David ZWEIG 崔大偉
PhD University of Michigan, 1983
Professor Emeritus

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Full CV
David Zweig (Ph.D., University of Michigan, 1983) is Professor Emeritus, Division of Social Science, HKUST and Director, Transnational China Consulting Limited.  He is an Adjunct Professor, School of Social Sciences and Humanities, National University of Defence Technology, Changsha, Hunan, and Vice-President of the Center on China’s Globalization (Beijing). He was a Postdoctoral Fellow at Harvard University in 1984-86. He has lived in Hong Kong since 1996 and was a fulltime faculty member at HKUST for 25 years.
 
Dr. Zweig studied in Beijing in 1974-1976 and did field research in rural China in 1980-1981 and 1986. In 1991-92 and 1997, he did field research on China’s “opening to the outside world.” Since 1991, he has surveyed and interviewed academics, scientists, entrepreneurs, and employees who returned from studying abroad, and  Mainland-born Chinese working overseas. In June 2012, he gave Li Yuanchao, then head of the Organization Department of the Chinese Communist Party, a critical evaluation of the CCP’s Thousand Talents Plan. 
 

He is the author or editor of ten books, including Internationalizing China: domestic interests and global linkages (2002) and Sino-U.S. Energy Triangles: Resource Diplomacy under Hegemony (2016). “’The best are yet to come’: State programs, domestic resistance and reverse migration of high-level talent to China,” appeared in the Journal of Contemporary China (Sept. 2020), and in May 2020, his report, America Challenges China’s National Talent Programs (with Kang Siqin), was published by the Center for Strategic and International Studies in Washington, DC. He is a Contributing Writer to the South China Morning Post.

He has two online classes registered with COURSERA, one on domestic Chinese politics and one on China and the World, where (as of August 2020), he had taught over 21,000 students.

Research Interests
  • Chinese Politics and Foreign Policy
  • China’s Resource Diplomacy
  • China’s talent programs and reverse migration
  • Sino-American Relations 
  • East Asian International Relations
  • Hong Kong-Mainland relations
Representative Publications
  • Internationalizing China: Domestic Interests and Global Linkages (Cornell Series in Political Economy, Cornell University Press, 2002).
  • Sino-U.S. Energy Triangles: Resource Diplomacy under Hegemony, David Zweig and Hao Yufan, eds. (Routledge: London, 2015, published in paper in 2016).
  • Freeing China's Farmers: Rural Restructuring in the Reform Era (M.E. Sharpe, 1997).
  • China's Brain Drain to the United States, with Chen Changgui (Berkeley: China Research Monograph Series, 1995; republished by Routledge in 2013).
  • Agrarian Radicalism in China, 1968‑1981 (Cambridge: Harvard University Press, 1989).
  • “’The best are yet to come’: State programs, domestic resistance and reverse migration of high-level talent to China,” with Siqin Kang and Henry Wang Huiyao, Journal of Contemporary China, September 2020.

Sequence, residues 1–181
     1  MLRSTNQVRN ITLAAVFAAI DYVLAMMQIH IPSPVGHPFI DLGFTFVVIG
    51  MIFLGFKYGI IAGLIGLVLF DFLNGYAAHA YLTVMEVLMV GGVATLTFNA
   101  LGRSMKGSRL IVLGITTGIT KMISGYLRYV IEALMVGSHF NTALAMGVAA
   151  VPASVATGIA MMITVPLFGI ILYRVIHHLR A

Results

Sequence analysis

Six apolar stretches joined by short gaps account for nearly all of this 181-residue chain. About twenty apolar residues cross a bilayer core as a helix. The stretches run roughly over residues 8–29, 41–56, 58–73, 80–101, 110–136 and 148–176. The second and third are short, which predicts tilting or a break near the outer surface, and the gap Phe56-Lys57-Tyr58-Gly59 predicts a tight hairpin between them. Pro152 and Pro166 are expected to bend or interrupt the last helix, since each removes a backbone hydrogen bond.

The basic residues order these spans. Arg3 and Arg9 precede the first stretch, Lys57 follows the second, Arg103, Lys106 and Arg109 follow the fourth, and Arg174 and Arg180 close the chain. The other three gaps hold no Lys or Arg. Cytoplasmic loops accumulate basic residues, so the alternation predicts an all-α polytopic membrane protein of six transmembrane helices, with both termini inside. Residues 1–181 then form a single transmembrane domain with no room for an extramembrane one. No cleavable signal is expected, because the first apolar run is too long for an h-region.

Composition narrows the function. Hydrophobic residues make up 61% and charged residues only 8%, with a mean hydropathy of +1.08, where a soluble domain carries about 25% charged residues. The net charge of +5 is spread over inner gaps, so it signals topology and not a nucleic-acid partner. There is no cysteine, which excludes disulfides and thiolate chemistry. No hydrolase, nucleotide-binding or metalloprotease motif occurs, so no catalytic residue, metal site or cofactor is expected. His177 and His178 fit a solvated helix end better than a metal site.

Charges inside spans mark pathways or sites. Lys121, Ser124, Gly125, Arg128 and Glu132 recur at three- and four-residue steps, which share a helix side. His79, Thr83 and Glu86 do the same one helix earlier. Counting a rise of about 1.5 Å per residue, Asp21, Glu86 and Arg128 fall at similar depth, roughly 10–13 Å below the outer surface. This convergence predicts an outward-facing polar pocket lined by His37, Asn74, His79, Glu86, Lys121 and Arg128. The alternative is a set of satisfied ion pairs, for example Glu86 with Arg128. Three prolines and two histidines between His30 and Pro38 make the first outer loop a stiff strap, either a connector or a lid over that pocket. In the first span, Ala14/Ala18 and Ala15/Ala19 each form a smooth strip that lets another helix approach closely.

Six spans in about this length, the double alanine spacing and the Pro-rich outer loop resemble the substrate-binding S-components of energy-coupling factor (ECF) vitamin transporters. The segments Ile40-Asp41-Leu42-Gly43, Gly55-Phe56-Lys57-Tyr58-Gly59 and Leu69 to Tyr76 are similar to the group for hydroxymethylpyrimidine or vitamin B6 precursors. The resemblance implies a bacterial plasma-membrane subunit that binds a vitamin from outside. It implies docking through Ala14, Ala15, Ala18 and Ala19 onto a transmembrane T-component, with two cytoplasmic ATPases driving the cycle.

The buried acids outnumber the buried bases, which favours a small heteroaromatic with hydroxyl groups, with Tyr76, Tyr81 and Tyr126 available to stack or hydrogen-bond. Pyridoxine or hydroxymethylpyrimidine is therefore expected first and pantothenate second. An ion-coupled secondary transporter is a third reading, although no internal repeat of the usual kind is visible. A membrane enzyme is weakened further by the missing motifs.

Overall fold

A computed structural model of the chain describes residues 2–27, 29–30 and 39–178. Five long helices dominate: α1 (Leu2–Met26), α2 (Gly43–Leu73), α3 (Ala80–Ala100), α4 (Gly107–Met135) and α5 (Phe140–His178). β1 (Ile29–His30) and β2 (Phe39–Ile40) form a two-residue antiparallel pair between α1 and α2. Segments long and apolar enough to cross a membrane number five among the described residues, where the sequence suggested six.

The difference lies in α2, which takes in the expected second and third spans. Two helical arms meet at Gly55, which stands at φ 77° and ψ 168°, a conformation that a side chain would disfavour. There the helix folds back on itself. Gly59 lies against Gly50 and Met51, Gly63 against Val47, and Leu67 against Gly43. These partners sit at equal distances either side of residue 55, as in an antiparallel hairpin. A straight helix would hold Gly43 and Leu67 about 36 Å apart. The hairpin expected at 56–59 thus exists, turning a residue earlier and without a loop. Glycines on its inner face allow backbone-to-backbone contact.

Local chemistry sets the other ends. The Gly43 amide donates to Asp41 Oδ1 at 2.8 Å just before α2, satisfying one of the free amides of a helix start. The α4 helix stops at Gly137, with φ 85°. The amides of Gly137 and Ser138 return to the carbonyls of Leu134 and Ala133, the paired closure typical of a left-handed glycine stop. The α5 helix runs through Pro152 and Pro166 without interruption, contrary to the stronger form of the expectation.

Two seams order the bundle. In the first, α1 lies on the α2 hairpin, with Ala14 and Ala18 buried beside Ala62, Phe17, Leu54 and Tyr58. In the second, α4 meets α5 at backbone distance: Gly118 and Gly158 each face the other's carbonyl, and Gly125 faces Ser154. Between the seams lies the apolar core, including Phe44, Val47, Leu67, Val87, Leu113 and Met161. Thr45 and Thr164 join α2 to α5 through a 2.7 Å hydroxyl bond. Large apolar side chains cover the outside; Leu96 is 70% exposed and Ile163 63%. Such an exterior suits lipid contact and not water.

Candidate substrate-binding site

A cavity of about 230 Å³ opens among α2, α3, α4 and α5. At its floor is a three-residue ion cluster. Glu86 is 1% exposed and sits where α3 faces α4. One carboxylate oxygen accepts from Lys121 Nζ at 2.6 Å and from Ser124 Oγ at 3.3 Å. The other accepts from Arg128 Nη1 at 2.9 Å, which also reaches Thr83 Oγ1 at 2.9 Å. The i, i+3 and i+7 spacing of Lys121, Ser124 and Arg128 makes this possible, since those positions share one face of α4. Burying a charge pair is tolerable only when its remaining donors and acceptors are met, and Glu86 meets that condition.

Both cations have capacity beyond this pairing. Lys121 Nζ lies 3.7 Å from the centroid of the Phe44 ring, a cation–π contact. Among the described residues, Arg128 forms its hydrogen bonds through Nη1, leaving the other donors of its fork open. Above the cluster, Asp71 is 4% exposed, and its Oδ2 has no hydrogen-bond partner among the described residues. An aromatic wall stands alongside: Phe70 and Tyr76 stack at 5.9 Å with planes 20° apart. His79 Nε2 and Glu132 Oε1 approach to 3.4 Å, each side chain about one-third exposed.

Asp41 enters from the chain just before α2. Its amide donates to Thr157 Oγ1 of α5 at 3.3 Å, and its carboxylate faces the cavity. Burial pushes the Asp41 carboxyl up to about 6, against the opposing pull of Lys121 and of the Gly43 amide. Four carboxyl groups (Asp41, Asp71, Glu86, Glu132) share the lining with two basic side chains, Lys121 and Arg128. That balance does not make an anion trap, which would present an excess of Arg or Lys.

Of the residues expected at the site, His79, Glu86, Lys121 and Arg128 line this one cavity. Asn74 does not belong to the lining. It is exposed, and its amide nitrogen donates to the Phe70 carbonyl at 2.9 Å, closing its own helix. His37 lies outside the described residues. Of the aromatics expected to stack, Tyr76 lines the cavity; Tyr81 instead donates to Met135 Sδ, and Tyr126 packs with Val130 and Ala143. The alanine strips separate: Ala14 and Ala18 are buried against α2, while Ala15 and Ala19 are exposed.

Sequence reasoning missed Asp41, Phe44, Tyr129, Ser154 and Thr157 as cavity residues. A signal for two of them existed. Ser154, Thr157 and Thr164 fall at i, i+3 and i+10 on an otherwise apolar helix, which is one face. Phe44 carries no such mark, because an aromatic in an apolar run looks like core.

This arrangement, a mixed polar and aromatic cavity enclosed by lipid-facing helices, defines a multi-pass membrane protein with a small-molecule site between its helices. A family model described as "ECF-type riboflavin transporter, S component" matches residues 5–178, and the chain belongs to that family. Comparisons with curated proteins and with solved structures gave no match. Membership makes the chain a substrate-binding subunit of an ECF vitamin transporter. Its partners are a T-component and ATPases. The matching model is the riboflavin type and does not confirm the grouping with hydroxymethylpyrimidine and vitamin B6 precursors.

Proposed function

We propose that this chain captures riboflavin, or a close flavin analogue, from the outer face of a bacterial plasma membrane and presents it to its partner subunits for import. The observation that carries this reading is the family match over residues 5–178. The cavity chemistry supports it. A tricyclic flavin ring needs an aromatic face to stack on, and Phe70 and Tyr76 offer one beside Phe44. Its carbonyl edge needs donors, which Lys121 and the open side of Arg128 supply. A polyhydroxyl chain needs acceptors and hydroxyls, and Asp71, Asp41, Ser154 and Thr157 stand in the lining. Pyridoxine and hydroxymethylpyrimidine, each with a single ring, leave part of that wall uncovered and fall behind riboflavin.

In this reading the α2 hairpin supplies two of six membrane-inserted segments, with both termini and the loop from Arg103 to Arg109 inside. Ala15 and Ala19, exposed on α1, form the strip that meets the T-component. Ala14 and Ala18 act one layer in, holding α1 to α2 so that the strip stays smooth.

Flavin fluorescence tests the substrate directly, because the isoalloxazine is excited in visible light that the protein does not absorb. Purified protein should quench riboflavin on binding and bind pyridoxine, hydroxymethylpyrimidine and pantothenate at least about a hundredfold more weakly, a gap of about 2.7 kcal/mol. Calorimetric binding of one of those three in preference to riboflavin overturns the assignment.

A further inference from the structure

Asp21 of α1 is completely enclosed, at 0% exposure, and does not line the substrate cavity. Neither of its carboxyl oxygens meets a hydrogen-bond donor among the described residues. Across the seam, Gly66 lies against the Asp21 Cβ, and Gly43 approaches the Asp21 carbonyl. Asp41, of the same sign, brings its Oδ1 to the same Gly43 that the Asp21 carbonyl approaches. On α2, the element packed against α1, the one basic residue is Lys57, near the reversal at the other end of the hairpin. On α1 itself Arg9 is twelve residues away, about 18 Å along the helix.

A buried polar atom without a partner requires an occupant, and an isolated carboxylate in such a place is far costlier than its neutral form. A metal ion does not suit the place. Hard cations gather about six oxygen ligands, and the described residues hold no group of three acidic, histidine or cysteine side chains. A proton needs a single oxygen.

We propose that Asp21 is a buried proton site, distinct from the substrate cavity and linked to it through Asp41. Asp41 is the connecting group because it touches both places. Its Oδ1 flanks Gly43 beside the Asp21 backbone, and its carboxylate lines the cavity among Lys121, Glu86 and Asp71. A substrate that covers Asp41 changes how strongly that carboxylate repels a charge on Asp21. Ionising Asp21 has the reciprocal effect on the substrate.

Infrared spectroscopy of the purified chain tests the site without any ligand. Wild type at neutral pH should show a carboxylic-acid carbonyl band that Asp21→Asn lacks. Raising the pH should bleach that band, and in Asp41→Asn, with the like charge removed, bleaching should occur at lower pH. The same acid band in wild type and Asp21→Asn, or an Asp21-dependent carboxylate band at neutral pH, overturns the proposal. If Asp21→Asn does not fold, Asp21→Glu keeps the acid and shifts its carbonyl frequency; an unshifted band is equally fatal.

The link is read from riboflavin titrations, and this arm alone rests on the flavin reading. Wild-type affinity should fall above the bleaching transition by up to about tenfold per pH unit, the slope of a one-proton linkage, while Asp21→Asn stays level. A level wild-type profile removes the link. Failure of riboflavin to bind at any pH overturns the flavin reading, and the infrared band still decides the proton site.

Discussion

• “America Challenges China’s National Talent Programs,” with Siqin Kang, Center for Strategic and International Studies, No. 4, May 2020.
  •  “Familiarity Breeds Contempt: China’s growing soft power deficit in Hong Kong,” in Kingsley Edney, Stanley Rosen, and Ying Zhou, Soft Power with Chinese Characteristics: China’s Campaign for Hearts and Minds (Routledge: 2020), pp. 241-261.
  • “A Photo Essay of a Failed Reform: Beida, Tiananmen Square and the Defeat of Deng Xiaoping in 1975-76,” China Perspectives, No. 1 (2016): 5-28.
  • “Overseas Students, Returnees and the Diffusion of International Norms into Post-Mao China,” with Feng Yang, International Studies Review, 16 (Fall 2014): 252-63.
  • “Can China Bring Back the Best? The Communist Party Organizes China’s Search for Talent,” with Huiyao Wang, The China Quarterly, no. 215 (September 2103): 590-615.
  • “Educating a New Generation of Students: Transferring Knowledge and Norms from Hong Kong to the Mainland,” with Liu Mei-hua, China Perspectives, 1 (2013): 73-86.
  • “Returnee Entrepreneurs: impact on China's globalization process,” with Wang Huiyao and Lin Xiaohua, Journal of Contemporary China, 20: 70 (2011): 413-431.
  • “Images of the World: Studying Abroad and Chinese Attitudes towards International Affairs,” with Han Donglin, The China Quarterly, No. 202 (June 2010): 290-306.
  • “Redefining the ‘Brain Drain’: China’s Diaspora Option,” with Chung Siu-Fung and Han Donglin, Science, Technology and Society, Vol.13, No.1 (2008): 1-33.
  • “Rewards of Technology: Explaining China’s Reverse Migration,” (with Chung Siu Fung, and Wilfried Vanhonacker), Journal of International Migration and Integration, Volume 7, No. 4 (Fall 2006): 449-71.
  • “Learning to Compete: China’s Efforts to Encourage a Reverse Brain Drain,” International Labour Review, vol. 145, nos. 1-2 (2006): 65-90.
  • “China’s Global Hunt for Energy,” Foreign Affairs (with Bi Jianhai), Vol. 84, No. 5 (September-October 2005): 25-38.
 
Courses Taught
  • MGCS: China and the World
  • SOSC 2290: Understanding Globalization
  • SOSC 2280: International Relations in East Asia since WWII
  • SOSC 4600/6060: Understanding Chinese Politics
  • SOSC 5520: International Aspects of China’s Reforms
  • SBM 4600: Chinese Politics and Society
  • Coursera: Chinese Politics, on-line:

    Part 1, domestic politics: https://www.coursera.org/course/chinesepolitics1

    Part 2, China and the World: https://www.coursera.org/course/chinesepolitics2 


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